The UN has released The Sustainable Development Goals Report 2017. Under GOAL 4 (quality education) it notes that, in 2011, less than half of schools in sub-Saharan Africa provided access to drinking water, and just 69 percent were provided with toilets. Many did not have separate sanitation facilities for girls and boys. GOAL 6 (Water and Sanitation) also has a target which calls for providing facilities with attention to the special needs of women and girls. However, progress is not reported for that target.
Sakala CB et al. (2017) in a cross-sectional study with mixed method approach in two schools in Lusaka, Zambia seeks to determine Is menstrual hygiene management an issue of school absenteeism. The findings are that the majority of schools are without proper MHM facilities. 93.6% and 66.7% of girl students report that menstrual issues result in low concentration in school and missing lessons respectively. The main reasons given are feeling shy and stressed thinking about pain and leakage. The authors conclude that the findings reflect students’ lack of knowledge on MHM in school, and suggest including menstrual hygiene education at primary and secondary school curricula.
Kågesten AE et al. (2017) in a cross-sectional survey of very young refugee adolescents (VYA) aged 10-14 years from Somalia (in Ethiopia) and Myanmar (in Thailand) describe transitions into puberty and access to sexual and reproductive health information. The study finds inadequate knowledge regarding SRH as well as insufficient accessibility to MHM supplies for Somali VYAs. VYAs express closeness to their parents/guardians and that they are their main source of SHR information. The study suggests that providing education at this early stage, going beyond a sole focus on risk factors related to SRH outcomes, and preferably considering the role of parents/guardians, would be an opportunity to impact later SRH outcomes.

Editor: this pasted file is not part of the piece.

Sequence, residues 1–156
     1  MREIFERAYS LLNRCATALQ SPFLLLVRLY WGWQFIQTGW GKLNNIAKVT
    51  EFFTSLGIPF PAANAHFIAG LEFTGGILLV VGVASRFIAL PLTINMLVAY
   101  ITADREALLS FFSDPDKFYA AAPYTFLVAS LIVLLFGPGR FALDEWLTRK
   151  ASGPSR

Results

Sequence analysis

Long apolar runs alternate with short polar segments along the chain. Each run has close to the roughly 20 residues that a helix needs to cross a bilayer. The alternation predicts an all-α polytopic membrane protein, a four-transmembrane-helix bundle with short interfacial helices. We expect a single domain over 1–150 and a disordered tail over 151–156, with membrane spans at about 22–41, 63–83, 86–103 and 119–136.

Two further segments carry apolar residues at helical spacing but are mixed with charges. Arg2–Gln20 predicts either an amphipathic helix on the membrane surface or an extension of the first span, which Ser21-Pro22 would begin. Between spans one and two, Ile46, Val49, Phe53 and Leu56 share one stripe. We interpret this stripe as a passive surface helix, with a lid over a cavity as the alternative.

Agol D et al. (2017) in a quantitative study assessing the role of sanitation and water supply in schools and girls’ educational progression analyzed data from 10,000 schools in Zambia, to test whether the presence of water and sanitation facilities in schools can increase female-to-male enrolment ratios and reduce repetition and drop-out-ratios for girls, especially at ages when they menstruate. The findings confirm possible linkages between adequate toilets in schools and educational progression of girls, especially in grades 5-8. No linkage was found with improved water.
Hennegan (2017) in an overview article Menstrual Hygiene Management and Human Rights: The Case for an Evidence-Based Approach argues for the importance of an evidence based approach to prevent the harm that poor MHM causes. The author argues for better exchange of knowledge between academic and programmatic actors in order to develop approaches to MHM that are responsive, utilizable and sensitive to local needs. The author cautions against focusing attention only on hypothesized correlations between interventions and outcomes (such as education or employment), and failing to improve MHM if evidence does not support those correlations.